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Grimness and fragility - 80%

we hope you die, January 12th, 2021

The current crop of black metal acts emerging from China seem to be marked by a committed grimness (before the word took on its present cliché meme fodder status), but supplementing these darker immersive tendencies with an overarching fragility worked into the melodic tendencies. The debut EP from China’s Vitriolic Sage falls in line with this general intent, but carbon copy of the noise currently emanating from the Far East it is not.

As if resurrecting what little value there was in Burzum’s post prison metal trilogy, ‘Enlightenment’ brushes the dust off these cold, harsh, melodies, rendered through thin yet clear guitar tones, and adds a degree of energy and diversity to this formula. The results, when compared to Varg’s lacklustre efforts of a decade ago, could not be more striking in their lucidity. Vitriolic Sage relentlessly trim the fat away from this Nordic framework; gone are the endless tremolo picked riffs set to mid-paced blast-beats that so often count as filler. In their place is positioned an energetic rhythm section that drives the guitars through rudimentary but effective tempo changes, that work in unison with the shifts in riff and pitch. Simple yet effective tricks when deployed in this minimalist setting.

But the truly ear catching aspects of this album are in the contrast between atonal aggression and sorrowful, delicate harmonies that nevertheless retain the same energy and drive as the passages rooted in punk philosophies. The guitars don’t offer any counterpoint or lead melodies, so it’s really a dual track of two (or more?) rhythm guitars functioning in unison that Vitriolic Sage have left themselves to work with. But they play up to this self-made limitation through the clever use of basic contrasts, and delivering repetition in abundance when it actually counts. This latter technique is also neatly worked into the ambient spaces between the music, as with the outro to ‘Chanson De Raison’ which fades to low ambience which follows on from the closing riff.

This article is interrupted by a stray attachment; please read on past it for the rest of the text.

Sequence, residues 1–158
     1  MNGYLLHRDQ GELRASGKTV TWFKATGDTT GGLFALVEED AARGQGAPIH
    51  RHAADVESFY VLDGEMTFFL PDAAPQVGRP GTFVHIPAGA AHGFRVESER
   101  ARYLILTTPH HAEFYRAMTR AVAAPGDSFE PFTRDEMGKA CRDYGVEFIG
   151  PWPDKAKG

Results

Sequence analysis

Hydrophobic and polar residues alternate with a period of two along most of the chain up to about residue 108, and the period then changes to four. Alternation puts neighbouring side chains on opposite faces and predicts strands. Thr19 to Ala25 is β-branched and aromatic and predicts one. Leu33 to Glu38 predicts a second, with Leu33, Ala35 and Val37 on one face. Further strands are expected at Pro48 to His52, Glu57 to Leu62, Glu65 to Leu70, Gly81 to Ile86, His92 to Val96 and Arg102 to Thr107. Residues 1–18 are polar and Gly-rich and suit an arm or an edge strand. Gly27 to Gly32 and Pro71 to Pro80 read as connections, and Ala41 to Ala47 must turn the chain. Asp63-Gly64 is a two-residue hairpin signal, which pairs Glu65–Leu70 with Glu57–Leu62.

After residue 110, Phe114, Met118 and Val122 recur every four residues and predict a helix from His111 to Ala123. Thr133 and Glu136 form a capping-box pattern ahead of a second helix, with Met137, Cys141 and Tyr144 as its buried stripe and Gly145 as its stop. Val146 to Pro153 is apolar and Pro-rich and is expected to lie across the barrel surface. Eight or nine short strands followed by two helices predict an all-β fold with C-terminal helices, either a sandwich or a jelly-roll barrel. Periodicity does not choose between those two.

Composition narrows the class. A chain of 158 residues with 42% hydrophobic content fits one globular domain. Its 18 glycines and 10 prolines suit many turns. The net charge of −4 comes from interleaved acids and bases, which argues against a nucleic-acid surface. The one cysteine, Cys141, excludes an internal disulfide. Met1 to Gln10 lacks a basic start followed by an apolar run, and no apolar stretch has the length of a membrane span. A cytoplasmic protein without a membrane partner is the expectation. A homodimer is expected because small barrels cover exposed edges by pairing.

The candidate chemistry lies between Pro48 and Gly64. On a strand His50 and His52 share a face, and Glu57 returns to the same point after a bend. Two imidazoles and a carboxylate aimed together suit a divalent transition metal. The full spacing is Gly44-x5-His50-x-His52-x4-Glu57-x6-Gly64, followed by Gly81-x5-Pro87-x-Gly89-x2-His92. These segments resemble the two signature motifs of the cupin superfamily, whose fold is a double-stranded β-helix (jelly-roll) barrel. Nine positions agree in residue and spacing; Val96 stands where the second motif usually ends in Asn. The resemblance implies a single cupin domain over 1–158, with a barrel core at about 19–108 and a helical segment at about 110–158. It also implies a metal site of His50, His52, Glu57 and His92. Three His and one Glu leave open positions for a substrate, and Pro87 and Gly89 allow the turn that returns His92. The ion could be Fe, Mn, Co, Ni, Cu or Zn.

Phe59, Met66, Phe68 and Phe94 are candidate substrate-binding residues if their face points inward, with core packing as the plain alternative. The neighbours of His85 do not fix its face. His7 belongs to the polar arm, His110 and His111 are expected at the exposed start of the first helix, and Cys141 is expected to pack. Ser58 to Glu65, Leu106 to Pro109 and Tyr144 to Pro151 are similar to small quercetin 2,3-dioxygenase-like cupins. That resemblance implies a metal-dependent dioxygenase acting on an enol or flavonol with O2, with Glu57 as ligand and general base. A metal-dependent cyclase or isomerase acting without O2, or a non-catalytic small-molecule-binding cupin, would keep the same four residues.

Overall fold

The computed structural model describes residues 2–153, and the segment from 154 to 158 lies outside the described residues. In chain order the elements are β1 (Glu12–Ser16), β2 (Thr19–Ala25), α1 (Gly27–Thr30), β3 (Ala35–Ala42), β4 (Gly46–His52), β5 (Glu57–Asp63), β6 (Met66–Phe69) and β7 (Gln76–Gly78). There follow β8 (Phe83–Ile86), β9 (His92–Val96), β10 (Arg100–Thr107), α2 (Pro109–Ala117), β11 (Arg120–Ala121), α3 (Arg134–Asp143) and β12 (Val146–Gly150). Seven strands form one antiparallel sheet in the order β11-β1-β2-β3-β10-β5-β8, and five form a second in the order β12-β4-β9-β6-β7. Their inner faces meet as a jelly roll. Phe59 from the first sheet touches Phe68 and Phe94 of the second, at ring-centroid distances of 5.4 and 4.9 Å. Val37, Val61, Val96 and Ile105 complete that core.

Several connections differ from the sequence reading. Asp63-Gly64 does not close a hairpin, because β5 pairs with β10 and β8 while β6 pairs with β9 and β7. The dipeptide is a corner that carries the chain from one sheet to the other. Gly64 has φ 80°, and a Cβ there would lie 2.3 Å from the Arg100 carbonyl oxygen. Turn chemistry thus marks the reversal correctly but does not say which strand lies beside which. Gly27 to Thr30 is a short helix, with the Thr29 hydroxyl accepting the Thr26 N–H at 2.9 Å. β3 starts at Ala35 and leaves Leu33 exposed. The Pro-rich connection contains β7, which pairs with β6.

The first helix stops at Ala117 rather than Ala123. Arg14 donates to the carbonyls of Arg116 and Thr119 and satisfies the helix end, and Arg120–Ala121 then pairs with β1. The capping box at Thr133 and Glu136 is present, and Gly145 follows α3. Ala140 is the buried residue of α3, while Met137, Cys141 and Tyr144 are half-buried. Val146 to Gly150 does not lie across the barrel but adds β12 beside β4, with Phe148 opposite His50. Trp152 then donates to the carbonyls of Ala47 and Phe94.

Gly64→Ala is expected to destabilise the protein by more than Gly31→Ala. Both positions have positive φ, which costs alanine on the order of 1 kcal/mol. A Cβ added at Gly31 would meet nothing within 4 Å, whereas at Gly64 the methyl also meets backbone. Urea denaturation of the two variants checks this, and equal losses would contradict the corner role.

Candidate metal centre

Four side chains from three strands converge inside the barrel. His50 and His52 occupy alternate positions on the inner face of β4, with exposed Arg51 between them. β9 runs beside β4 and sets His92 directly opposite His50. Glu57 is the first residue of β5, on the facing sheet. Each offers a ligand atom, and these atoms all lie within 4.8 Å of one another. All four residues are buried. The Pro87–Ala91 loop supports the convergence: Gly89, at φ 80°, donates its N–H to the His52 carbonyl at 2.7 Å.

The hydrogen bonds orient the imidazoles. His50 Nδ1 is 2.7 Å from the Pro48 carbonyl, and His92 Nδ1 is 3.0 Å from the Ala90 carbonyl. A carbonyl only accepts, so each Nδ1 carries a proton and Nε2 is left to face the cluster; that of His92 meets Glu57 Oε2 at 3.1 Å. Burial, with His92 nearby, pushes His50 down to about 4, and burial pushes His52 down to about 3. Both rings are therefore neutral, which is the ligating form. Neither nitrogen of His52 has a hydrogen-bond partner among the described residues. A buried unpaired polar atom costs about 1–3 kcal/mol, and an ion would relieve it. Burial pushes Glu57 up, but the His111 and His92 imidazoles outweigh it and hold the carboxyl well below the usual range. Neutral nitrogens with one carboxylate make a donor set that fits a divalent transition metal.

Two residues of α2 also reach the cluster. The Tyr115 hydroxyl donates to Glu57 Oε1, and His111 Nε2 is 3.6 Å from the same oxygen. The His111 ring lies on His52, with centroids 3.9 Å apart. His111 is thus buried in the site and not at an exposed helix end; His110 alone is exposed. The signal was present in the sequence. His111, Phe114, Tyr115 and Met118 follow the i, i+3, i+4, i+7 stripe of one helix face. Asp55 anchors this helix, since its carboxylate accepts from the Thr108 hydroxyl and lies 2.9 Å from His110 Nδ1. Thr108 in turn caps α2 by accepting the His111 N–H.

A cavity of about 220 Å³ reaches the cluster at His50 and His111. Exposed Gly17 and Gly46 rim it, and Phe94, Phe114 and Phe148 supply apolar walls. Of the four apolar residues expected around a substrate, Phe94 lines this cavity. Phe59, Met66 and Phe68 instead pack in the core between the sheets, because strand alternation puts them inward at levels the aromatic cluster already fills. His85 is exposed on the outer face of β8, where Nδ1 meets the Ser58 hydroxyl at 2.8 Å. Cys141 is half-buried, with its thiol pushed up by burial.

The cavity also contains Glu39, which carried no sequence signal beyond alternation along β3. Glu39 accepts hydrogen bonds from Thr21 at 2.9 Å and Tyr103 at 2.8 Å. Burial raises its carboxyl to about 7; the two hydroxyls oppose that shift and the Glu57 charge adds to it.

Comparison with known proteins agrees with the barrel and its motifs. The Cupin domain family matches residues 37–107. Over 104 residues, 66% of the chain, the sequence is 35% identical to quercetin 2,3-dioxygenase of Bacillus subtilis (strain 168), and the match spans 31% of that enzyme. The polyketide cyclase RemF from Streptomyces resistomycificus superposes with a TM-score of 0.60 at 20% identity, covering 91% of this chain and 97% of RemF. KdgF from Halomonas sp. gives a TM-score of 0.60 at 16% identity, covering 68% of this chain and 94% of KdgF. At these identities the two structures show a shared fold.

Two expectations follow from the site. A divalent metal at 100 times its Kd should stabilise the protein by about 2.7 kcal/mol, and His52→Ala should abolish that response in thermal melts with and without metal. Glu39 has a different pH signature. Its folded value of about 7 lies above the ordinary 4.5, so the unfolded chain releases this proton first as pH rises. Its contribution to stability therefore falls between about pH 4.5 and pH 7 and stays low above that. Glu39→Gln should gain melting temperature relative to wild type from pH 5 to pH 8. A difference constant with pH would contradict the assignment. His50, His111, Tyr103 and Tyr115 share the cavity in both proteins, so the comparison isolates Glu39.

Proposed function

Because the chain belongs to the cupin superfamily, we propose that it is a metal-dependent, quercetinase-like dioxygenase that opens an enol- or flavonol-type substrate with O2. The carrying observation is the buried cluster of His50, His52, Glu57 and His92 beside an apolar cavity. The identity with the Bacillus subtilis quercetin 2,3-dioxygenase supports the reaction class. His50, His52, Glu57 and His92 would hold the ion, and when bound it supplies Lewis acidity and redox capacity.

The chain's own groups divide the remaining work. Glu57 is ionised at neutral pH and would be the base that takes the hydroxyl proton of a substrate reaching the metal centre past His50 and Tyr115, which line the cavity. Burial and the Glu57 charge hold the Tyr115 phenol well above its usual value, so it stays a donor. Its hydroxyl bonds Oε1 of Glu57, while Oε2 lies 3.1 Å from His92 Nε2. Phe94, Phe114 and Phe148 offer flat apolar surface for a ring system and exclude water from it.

We see this contrast again with the ambient track ‘Reminiscence’ that leads into the busy but oddly focused opening riff of ‘Ignorance’, which is an unsettling, idiosyncratic number that leaves one second guessing its scant twists and turns. This, despite the fact that again, both guitar tracks are following the exact same riff patterns with no deviation. But despite its economy of riffs each one drives the music forward through a simple yet effective blend of repetition and development, of aggression and fragility, despite operating within a decidedly ‘grim’ aesthetic framework. And this in turn becomes an analogue for the way this music as a whole operates. Superficially old school Burzum worship (amongst others) worked through a modern filter, but digging deeper reveals its own, very unique character.

Originally published at Hate Meditations